BEIJING: China says President Xi Jinping will visit Russia from Monday to Wednesday in an apparent show of support for Vladimir Putin.
No other details were given, but China has declared a “no-limits” friendship with Russia and refused to condemn Moscow’s attacks — even while declaring that the sovereignty and territorial integrity of all countries be respected.
The Kremlin on Friday also announced the visit, saying it will take place “at the invitation of Vladimir Putin.”
Xi and Putin will discuss “issues of further development of comprehensive partnership and strategic interaction between Russia and China,” as well as exchange views “in the context of deepening Russian-Chinese cooperation in the international arena,” the Kremlin said in a statement.
The two leaders will also sign “important bilateral documents,” the statement read.
Beijing has also condemned Western sanctions and accused Nato and the United States of provoking Russia.
Putin invited Xi to visit Russia during a video conference call the two held in late December. The visit, Putin said, could “demonstrate to the whole world the strength of the Russian-Chinese ties” and “become the main political event of the year in bilateral relations.”
Meanwhile, in a rare phone conversation with his Ukrainian counterpart on Thursday, China’s foreign minister said Beijing was concerned about the year-old grinding conflict with Russia spinning out of control and urged talks on a political solution with Moscow.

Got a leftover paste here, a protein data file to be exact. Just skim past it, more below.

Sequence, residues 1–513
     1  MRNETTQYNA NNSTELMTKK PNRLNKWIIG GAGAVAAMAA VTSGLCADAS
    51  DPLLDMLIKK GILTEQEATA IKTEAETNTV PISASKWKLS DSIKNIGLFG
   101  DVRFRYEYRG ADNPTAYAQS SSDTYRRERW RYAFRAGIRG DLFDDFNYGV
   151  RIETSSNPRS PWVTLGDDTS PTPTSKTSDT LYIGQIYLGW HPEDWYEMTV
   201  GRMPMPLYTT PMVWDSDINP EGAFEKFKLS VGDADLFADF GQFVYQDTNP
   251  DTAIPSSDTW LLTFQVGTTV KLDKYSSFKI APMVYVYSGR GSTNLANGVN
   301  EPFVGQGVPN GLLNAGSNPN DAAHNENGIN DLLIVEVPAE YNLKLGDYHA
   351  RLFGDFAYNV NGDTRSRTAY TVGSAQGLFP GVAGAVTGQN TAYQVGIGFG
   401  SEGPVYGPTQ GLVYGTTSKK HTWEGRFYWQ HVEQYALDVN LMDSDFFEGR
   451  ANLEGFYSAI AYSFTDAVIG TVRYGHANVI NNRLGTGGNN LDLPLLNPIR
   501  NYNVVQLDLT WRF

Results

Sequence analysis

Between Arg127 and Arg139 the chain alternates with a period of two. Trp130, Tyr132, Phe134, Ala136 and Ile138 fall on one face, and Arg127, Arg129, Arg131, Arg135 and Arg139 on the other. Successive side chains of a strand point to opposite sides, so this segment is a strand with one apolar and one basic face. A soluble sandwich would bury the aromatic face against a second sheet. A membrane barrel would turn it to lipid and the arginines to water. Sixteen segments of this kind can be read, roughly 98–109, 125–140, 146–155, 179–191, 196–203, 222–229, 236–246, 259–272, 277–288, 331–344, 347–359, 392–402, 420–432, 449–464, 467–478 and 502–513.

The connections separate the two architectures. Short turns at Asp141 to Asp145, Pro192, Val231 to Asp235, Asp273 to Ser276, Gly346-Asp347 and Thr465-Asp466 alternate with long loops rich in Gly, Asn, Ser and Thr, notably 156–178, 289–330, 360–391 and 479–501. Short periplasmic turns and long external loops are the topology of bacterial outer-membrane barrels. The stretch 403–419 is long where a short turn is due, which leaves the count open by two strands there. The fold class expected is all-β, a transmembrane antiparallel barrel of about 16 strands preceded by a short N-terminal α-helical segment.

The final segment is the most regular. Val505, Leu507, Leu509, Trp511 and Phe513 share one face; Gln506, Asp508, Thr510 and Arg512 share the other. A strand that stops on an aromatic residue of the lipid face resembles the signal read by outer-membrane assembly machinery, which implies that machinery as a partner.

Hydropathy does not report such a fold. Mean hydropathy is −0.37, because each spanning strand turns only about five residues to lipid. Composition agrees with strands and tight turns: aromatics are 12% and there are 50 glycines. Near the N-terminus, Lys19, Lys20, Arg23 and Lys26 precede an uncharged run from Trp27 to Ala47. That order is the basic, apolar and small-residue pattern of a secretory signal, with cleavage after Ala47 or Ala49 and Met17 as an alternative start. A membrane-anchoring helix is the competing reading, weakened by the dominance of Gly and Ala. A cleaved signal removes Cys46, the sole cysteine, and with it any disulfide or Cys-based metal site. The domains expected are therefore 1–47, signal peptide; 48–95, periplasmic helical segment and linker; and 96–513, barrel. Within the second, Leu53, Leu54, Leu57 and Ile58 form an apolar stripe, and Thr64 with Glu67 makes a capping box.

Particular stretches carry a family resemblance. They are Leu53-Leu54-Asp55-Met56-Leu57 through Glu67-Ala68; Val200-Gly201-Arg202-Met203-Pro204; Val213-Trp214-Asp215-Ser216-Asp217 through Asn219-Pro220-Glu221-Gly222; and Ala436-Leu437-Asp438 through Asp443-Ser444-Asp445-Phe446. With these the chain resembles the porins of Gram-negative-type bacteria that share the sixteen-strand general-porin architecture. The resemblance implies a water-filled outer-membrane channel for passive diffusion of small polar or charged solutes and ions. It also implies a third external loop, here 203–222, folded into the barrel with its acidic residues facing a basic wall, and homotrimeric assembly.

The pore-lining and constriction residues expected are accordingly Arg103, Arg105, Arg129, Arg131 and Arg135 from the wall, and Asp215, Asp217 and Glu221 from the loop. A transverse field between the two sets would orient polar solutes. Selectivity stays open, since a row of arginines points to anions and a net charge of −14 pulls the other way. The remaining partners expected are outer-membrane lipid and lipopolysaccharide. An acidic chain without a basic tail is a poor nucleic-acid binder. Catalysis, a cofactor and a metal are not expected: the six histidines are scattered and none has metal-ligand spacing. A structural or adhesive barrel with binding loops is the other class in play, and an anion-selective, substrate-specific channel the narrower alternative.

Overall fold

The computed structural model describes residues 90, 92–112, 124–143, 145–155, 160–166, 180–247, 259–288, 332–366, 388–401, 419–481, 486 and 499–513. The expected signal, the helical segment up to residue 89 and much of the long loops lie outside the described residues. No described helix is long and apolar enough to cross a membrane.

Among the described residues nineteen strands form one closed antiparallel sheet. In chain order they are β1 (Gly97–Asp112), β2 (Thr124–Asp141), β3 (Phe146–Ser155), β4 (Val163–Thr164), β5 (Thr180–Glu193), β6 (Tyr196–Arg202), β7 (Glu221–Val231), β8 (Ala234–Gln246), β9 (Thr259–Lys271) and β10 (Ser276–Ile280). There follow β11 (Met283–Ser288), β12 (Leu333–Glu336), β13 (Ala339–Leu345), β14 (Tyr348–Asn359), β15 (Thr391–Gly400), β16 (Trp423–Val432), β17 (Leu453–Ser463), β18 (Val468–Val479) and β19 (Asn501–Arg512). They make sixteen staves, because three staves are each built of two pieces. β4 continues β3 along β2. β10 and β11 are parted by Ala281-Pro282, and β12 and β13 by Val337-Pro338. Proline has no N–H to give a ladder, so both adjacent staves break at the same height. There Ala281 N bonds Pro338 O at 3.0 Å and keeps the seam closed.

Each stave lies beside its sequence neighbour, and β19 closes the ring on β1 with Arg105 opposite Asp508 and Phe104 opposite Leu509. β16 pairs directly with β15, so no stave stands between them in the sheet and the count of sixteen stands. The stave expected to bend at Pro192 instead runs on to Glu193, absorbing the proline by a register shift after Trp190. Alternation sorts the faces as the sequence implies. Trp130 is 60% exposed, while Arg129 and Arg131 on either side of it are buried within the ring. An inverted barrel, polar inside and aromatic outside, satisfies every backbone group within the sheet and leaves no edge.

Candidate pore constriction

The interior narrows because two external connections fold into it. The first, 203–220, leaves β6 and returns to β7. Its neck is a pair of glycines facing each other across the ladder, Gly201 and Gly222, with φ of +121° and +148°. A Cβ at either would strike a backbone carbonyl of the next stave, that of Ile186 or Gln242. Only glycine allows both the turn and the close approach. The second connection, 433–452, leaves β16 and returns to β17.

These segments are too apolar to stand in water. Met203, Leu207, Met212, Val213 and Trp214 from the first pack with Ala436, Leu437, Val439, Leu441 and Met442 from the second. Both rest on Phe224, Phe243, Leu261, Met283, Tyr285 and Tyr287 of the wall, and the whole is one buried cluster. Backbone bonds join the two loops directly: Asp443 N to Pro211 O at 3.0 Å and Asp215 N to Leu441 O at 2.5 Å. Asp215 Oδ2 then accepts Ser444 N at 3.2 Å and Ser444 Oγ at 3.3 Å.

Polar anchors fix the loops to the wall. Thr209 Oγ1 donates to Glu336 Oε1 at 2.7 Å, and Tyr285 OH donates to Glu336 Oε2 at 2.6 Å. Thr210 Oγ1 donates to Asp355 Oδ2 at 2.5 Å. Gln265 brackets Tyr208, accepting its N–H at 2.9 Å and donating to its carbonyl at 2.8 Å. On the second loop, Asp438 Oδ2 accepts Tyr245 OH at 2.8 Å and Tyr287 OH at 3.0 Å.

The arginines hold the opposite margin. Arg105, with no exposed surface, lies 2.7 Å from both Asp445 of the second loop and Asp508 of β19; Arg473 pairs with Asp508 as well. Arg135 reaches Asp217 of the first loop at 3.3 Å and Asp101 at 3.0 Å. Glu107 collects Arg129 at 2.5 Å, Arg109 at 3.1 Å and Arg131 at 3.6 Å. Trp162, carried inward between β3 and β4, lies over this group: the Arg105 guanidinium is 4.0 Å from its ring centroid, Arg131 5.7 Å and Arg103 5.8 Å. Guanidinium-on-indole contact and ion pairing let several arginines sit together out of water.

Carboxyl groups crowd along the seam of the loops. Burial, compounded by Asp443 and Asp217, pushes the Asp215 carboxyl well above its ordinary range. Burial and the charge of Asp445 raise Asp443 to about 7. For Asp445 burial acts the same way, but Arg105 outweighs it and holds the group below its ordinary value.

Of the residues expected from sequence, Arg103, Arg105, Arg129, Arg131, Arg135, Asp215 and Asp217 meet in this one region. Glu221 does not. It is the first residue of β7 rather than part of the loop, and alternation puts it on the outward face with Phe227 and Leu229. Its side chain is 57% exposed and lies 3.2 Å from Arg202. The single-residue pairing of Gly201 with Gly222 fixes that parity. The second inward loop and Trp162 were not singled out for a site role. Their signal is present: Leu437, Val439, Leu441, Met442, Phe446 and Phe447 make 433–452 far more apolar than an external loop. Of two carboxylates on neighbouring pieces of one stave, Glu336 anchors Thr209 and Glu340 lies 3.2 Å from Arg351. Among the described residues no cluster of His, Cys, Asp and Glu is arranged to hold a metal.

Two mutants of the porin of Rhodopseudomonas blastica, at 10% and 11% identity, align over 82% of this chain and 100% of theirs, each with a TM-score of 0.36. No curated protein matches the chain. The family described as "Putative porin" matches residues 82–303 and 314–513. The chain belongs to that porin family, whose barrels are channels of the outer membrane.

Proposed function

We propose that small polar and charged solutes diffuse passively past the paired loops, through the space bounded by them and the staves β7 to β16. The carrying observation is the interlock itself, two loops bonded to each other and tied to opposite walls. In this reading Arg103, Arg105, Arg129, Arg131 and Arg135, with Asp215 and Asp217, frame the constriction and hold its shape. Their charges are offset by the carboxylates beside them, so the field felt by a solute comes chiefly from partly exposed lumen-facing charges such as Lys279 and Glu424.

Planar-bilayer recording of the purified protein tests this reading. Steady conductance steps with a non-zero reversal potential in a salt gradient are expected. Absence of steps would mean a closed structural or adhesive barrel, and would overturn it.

Qin Gang told Dmytro Kuleba that China has “always upheld an objective and fair stance on the Ukraine issue, has committed itself to promoting peace and advancing negotiations and calls on the international community to create conditions for peace talks,” China’s Foreign Ministry said in a statement posted on its website.
Kuleba later tweeted that he and Qin “discussed the significance of the principle of territorial integrity.”
“I underscored the importance of (Ukrainian President Volodymyr Zelensky’s)’s Peace Formula for ending the aggression and restoring just peace in Ukraine,” wrote Kuleba, who spoke the same day with US Secretary of State Antony Blinken.
China and Ukraine have retained diplomatic ties but their top officials are believed to have had only sporadic contact.
A Chinese peace proposal for Ukraine issued in February urged a ceasefire and peace talks, drawing praise from Russia but dismissals from the West. US officials have repeatedly accused China of considering the provision of weapons to Russia for use in the war.